Breaking up with your iPhone
I admit it: I am an iPhone addict. But while I’m writing this blog post I am looking at my roommates: one watching television while texting her hockey friend; the other one sitting on the stairs fighting with her boyfriend; and the last one studying, like me, while checking her iPhone every minute or so. The only one really focusing on what she is doing seems to be the one fighting…
Now I would like to ask you to think about this: how many times a day do you check your smartphone? To check how many likes you got on that picture you uploaded 15 minutes ago? Or who sent you a message over Whatsapp?
The age of the smartphone started in 2007, when Steve Jobs introduced the iPhone 1. His words, “This will change everything”, did not go in vain. Now, eight years down the line this invention did indeed change everything: from our personal lives to our interpersonal relationships; from the way we do business to the way we do our groceries. Our smartphone is interweaved in almost every aspect of our lives.
Although the introduction of the smartphone made our lives easier, more comfortable, and more safe in many ways there is also a shadow side: the growing smartphone addiction. Only in Europe more than 50% of the children between 9 and 16 reported overdependence related to their smartphone usage.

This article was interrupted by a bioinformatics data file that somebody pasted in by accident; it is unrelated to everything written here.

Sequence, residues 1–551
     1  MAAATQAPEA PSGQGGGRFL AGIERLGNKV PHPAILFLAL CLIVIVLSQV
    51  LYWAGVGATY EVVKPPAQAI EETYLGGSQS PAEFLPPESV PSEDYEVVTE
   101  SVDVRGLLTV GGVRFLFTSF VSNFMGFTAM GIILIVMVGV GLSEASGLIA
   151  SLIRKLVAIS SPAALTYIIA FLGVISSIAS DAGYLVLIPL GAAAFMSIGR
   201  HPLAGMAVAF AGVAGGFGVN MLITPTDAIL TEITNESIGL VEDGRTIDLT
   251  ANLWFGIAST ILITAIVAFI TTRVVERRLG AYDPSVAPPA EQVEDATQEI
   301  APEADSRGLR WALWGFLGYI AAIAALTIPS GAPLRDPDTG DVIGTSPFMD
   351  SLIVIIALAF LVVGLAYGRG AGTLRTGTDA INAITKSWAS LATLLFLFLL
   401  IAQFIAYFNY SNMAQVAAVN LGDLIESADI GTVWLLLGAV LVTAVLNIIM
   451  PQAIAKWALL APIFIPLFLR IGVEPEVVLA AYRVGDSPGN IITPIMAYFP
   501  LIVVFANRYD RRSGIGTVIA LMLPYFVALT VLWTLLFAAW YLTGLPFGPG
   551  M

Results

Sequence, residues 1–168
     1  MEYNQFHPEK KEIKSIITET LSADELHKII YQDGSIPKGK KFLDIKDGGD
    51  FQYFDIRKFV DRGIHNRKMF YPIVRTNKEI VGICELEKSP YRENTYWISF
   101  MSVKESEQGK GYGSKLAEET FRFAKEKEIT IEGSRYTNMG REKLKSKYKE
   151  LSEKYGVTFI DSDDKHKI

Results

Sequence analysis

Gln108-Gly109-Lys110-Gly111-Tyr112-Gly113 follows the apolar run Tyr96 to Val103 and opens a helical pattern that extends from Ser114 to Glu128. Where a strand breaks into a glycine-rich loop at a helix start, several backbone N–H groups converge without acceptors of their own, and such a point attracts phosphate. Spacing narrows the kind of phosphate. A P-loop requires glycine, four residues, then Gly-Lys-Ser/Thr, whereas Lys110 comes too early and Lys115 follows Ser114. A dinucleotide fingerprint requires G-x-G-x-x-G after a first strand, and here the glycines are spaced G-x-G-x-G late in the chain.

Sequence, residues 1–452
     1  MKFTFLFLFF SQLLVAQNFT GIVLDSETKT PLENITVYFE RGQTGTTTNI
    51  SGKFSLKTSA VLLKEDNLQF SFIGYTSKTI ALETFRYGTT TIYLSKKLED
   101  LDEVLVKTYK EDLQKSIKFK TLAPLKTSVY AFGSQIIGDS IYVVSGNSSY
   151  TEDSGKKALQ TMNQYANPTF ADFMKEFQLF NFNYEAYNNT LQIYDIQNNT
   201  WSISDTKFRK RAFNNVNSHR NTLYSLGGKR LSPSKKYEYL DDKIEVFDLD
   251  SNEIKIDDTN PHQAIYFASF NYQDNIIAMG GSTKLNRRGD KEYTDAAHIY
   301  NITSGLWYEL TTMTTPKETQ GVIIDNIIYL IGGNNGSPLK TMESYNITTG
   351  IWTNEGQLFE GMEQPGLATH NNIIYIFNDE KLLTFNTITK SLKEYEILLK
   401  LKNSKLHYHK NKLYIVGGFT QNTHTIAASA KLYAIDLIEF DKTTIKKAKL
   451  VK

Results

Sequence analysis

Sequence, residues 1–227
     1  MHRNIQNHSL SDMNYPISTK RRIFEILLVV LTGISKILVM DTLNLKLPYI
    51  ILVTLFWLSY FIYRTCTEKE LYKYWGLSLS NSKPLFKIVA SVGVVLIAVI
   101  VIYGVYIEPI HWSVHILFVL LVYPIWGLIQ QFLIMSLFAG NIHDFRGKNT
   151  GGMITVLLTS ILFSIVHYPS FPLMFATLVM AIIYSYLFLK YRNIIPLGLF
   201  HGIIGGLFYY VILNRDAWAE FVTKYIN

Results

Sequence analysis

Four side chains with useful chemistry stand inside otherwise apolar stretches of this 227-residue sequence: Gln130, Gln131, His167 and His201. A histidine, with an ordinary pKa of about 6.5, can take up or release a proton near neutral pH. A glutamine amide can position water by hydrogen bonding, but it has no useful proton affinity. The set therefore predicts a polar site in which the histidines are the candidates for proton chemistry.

Mobile phone usage has been linked to (The Huffington Post, 2012):
- Sleep deprivation
- Symptoms of depression
In the report published by Net Children Go Mobile in 2014, almost three out of four children (72%) said to “feel they have to be always available to family and friends”. This social pressure might result into anxiety and stress for the younger generation. Also the “entrapment” of feeling you have to be available 24/7 and reply as soon as you read a message could increase the anxiety among these young children (Net Children Go Mobile, 2014).
It is interesting to see how those small technological devices can have such a substantial impact on our mental, and sometimes even physical, wellbeing. Many of us seem to have come to see them as an extension of who we are. How is it even possible there was a big connection between our heart rate and blood pressure surging when our phone is ringing across the room from us but we can’t reach it (Steinmetz, 2015)?
We are the first generation to grow up digitally native, while these developments show alarming facts about just us, our generation, growing up.
What do you think? Should we break up with our smartphones every once in a while…?
Singer, M., (2014). Smartphone addiction among European kids – Market Business News. [online] Market Business News. Available at: http://marketbusinessnews.com/smartphone-addiction-among-european-kids/23575 [Accessed 26 Sep. 2015].
Steinmetz, K. (2015). Here’s How to Battle Your Smartphone Addiction. [online] TIME.com. Available at: http://time.com/3952333/smartphone-addiction/ [Accessed 26 Sep. 2015].
The Huffington Post, (2015). Heavy Technology Use Linked to Fatigue, Stress and Depression in Young Adults. [online] Available at: http://www.huffingtonpost.com/david-volpi-md-pc-facs/technology-depression_b_1723625.html [Accessed 26 Sep. 2015].